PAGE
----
Everything Everywhere (EE) will launch superfast mobile internet in October, according to Sky sources, which would make it the first UK provider to offer the network.
Telecoms regulator Ofcom approved an application by the company that owns Orange and T-Mobile to use its existing spectrum to deliver 4G.
But EE's rivals, who have to wait until the end of this year to buy new licences in an auction of frequencies, say the decision gives the company an unfair advantage.
A well-placed source at EE told Sky News the next generation of mobile broadband would be available in October, when EE launches a new, 4G-specific brand.
The source said the company plans to start dropping the Orange and T-Mobile brands from around March next year, with existing customers being migrated to EE.
The company applied for two trademarks - 4G Everything Everywhere@ and 4GEE@ - in May.
In response, an EE spokesperson said: "Everything Everywhere confirms that we are planning to launch a new brand in the UK later this year.
"This new brand will sit alongside our existing brands Orange and T-Mobile. We will reveal more information on our exciting plans in due course."
Ofcom gave EE the go-ahead to launch 4G - which is seen as crucial for video, gaming and downloading on your phone - any time after September 11 this year.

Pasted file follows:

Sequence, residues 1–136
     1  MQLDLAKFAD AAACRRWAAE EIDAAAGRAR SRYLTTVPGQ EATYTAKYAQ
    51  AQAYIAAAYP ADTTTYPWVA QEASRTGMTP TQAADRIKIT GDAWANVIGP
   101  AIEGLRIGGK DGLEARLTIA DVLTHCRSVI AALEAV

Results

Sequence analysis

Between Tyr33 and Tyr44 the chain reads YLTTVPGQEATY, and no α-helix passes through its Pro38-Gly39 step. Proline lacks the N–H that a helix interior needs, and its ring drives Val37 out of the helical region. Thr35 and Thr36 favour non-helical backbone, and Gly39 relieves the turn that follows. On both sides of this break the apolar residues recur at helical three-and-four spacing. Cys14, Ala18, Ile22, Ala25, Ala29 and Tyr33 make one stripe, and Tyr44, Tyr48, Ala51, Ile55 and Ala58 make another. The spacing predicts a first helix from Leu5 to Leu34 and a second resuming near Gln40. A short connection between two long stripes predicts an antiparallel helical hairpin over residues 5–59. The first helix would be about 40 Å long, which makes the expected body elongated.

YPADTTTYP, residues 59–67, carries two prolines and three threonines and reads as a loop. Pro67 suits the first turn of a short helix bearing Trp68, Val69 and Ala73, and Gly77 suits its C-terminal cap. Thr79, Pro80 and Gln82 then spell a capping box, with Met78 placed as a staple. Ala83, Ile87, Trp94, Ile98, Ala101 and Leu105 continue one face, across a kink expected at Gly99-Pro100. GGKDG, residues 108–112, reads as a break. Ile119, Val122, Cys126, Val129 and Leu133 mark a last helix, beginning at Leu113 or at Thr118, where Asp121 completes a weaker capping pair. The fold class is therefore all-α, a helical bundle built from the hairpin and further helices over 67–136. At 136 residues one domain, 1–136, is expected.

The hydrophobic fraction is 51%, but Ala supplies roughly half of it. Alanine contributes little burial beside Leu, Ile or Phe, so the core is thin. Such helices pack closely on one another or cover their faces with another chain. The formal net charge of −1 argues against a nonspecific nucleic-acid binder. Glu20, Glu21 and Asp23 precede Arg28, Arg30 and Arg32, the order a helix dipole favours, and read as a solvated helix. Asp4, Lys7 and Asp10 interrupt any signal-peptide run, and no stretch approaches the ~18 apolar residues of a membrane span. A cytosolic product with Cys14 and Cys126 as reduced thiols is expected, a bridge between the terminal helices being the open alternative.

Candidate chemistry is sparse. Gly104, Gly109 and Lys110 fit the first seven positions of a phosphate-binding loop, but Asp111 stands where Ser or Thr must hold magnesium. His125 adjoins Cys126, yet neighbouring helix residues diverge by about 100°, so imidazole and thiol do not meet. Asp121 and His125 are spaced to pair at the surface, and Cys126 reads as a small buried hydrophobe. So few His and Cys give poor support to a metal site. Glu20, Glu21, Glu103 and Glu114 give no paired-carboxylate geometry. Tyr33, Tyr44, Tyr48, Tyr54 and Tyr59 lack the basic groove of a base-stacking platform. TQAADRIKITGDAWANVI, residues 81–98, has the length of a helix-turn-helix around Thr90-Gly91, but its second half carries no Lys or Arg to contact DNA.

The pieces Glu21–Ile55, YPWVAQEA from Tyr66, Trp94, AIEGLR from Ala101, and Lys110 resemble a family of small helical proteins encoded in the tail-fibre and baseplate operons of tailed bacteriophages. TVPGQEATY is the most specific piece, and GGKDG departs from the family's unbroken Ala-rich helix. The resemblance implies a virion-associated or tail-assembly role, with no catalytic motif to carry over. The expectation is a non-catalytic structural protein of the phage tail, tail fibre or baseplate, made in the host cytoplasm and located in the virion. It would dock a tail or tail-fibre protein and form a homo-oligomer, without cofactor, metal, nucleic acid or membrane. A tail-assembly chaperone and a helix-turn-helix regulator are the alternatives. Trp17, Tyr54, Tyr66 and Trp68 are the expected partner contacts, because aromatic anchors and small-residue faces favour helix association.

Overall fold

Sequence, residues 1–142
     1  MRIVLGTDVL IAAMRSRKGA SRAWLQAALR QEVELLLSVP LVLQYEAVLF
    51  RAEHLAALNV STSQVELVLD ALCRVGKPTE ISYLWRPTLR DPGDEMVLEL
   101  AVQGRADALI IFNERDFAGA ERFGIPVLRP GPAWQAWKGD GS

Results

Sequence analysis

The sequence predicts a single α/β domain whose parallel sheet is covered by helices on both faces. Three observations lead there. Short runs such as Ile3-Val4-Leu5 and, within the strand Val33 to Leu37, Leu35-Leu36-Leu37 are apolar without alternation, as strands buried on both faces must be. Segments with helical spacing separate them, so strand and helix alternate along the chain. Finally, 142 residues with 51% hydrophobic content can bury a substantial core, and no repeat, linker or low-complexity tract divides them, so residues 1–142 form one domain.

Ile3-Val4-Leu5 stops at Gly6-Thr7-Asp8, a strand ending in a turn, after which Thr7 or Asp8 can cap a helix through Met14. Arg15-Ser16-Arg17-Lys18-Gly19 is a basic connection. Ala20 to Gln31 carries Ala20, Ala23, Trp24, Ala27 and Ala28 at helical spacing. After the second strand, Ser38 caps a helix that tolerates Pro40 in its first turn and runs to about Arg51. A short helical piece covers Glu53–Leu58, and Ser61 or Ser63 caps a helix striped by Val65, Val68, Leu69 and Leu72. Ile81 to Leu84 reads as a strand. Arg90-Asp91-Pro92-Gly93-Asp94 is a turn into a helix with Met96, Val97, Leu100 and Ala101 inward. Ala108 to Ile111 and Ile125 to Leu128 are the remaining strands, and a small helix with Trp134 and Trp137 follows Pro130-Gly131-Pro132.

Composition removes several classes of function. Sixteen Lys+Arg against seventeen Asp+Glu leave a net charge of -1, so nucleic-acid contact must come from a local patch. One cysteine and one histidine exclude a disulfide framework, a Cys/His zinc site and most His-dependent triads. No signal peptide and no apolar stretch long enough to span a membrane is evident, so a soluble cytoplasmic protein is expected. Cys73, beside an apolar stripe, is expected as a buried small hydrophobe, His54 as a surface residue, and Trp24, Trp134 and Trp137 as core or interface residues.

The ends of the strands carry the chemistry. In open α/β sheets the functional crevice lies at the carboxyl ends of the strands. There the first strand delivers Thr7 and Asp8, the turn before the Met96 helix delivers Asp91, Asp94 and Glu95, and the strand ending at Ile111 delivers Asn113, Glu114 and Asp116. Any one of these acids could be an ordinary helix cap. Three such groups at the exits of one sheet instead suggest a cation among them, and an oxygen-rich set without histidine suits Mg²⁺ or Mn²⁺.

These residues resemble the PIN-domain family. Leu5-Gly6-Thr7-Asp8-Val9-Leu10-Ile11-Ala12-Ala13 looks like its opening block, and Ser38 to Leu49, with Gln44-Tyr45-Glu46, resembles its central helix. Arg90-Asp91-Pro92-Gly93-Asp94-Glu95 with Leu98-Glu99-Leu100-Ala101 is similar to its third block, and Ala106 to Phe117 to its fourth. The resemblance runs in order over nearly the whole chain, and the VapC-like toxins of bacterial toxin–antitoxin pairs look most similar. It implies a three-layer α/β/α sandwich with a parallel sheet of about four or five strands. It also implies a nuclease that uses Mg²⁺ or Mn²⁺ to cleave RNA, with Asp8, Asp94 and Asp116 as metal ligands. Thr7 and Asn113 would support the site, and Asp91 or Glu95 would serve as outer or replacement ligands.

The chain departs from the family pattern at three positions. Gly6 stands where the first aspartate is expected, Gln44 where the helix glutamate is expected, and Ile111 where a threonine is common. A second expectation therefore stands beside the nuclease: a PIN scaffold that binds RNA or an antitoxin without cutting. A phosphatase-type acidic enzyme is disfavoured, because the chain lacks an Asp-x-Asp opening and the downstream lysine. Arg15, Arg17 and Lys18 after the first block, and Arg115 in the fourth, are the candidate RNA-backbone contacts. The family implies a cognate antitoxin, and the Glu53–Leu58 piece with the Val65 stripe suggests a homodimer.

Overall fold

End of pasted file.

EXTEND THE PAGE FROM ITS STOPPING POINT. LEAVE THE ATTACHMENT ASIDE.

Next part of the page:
It said that allowing EE to use its existing 1800 MHz spectrum in this way will "deliver significant benefits to consumers".
"There is no material risk that those benefits will be outweighed by a distortion of competition," an Ofcom statement said.
"Delaying doing so would therefore be to the detriment of consumers."
But rival mobile company Vodafone said it was "frankly shocked" by the decision.
"The regulator has shown a careless disregard for the best interests of consumers, businesses and the wider economy through its refusal to properly regard the competitive distortion created by allowing one operator to run services before the ground has been laid for a fully competitive 4G market," a company statement said.
And mobile company Three agreed that the ruling could make the market less competitive.
"Liberalisation of 2G spectrum to date has distorted the competitive landscape in the UK, which ultimately harms consumers," Three said.
"Further liberalisation without addressing competition issues could make that distortion worse."
After the fourth generation auction at the end of this year, at least 98% of people across the UK should have access to the network.